The Church was under external pressure and the deterioration of society was forcing Christians to go underground. John wanted the churches to return to their first love through repentance, renewing their spirituality in the face of persecution, in the light of the Lord’s return. There is some dispute about the apostle John being the author of this book, but it is certain that this John had several churches under his leadership, thus we would conclude he was an Apostle too. The majority of early church leaders such as Melito, Bishop of Sardis, Ireneus, Tertullian, Clement, Eusebius and Papias, Bishop of Hierapolis believed that the Book of Revelation was written by John, the son of Zebedee, who also wrote the Gospel of John.

We may call the Book of Revelation, “The Fifth Gospel”, as it gives a clear picture of the life of Christ, His death and resurrection. It outlines the history of the Church under persecution along with a section concerning correction to the churches under John’s apostleship. The Book of Revelation covers the whole of Church history. Revelation records that John had seen things, the things that were happening in his present day in chapters 2 and 3. He was also commanded to write that would happen in the future chapters 4-22.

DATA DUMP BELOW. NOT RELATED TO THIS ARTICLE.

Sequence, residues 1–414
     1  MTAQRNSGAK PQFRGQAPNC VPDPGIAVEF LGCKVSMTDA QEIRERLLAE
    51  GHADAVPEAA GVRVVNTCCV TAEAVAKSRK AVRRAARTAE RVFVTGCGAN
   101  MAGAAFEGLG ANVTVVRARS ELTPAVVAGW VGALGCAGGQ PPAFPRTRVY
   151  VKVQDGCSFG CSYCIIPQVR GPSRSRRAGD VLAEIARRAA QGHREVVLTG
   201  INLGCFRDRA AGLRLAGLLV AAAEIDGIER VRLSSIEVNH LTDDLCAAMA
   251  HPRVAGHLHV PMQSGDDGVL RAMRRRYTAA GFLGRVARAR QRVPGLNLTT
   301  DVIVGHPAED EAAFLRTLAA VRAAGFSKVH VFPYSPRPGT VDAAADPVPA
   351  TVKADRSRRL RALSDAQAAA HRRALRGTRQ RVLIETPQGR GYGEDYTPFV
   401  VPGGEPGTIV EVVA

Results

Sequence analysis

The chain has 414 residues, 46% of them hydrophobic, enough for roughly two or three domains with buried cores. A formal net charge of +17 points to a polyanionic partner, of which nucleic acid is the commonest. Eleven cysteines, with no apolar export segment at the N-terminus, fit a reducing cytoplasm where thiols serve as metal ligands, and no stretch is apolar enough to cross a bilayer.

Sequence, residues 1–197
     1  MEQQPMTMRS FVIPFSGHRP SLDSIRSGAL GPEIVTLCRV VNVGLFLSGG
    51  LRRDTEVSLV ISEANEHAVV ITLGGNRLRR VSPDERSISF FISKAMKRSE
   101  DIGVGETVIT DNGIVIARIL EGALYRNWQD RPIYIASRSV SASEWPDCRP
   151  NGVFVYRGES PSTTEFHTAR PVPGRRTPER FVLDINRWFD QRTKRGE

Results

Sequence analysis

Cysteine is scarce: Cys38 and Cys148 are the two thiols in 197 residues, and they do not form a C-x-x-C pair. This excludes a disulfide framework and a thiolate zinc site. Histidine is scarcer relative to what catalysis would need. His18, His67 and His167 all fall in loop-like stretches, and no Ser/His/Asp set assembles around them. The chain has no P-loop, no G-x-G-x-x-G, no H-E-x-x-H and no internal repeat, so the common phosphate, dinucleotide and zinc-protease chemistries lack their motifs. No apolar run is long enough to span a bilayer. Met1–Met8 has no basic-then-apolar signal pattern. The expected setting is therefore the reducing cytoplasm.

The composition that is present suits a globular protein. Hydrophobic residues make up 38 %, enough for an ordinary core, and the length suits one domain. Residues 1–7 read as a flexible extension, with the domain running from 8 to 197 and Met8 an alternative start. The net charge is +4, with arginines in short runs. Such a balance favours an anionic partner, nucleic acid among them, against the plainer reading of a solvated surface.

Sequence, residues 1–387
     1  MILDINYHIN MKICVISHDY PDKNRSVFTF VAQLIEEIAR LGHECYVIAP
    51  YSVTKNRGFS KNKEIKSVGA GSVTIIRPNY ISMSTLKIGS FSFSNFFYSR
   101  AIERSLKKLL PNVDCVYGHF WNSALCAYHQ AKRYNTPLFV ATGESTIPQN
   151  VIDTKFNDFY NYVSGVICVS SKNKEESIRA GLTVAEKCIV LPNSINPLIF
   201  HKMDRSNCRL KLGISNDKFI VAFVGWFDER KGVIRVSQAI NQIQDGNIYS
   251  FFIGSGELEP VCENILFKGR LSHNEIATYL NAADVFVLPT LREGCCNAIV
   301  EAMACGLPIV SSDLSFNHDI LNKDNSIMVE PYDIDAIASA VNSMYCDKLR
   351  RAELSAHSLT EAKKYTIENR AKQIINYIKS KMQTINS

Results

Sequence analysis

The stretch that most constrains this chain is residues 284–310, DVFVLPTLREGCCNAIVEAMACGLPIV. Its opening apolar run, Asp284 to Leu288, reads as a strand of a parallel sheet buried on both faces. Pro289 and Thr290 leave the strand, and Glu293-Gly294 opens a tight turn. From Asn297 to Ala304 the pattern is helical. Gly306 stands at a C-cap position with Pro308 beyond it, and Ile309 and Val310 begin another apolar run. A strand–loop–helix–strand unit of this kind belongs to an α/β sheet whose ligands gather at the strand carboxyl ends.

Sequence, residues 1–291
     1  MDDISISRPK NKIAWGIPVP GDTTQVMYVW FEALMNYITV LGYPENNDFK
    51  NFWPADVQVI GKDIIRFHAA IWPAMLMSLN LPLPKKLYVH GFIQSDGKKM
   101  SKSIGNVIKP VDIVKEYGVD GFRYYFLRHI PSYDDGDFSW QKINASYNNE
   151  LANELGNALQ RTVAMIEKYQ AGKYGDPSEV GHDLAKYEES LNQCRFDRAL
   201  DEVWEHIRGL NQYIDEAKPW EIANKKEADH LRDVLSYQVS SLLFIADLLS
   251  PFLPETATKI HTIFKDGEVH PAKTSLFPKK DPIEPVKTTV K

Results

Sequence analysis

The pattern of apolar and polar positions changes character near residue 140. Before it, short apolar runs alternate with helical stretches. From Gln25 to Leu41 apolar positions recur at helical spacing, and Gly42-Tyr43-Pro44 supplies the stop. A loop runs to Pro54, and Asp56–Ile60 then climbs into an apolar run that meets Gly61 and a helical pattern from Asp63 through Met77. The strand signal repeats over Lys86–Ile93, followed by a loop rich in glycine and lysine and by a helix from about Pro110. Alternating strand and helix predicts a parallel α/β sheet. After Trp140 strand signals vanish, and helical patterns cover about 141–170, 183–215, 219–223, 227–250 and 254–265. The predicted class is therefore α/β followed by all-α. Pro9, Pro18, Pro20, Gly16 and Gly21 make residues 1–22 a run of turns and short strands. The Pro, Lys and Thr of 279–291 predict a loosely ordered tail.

The apocalyptic writing style in the Old Testament is seen in Daniel, Ezekiel, Zephaniah, Zechariah, and many more are used when referring to end times. John, the writer of Revelation, draws from this wealth of synergy to construct his final teaching. The prophets of old as well as John saw the vision as an outflow of the history of the Church. Eschatological teaching and language were used to bring about a conceptual understanding of the world around the Church and what had happened, what was then happening and what would happen. The reader is impacted by the use of numbers, symbols, colours, stars and allegories to give a significant picture of future events. Many of the symbols had a particular meaning for that time, but some have applied it to our own contemporary situation, which may or may not be right. That is the mystery of the Book of Revelation.

Dr. Ian Traill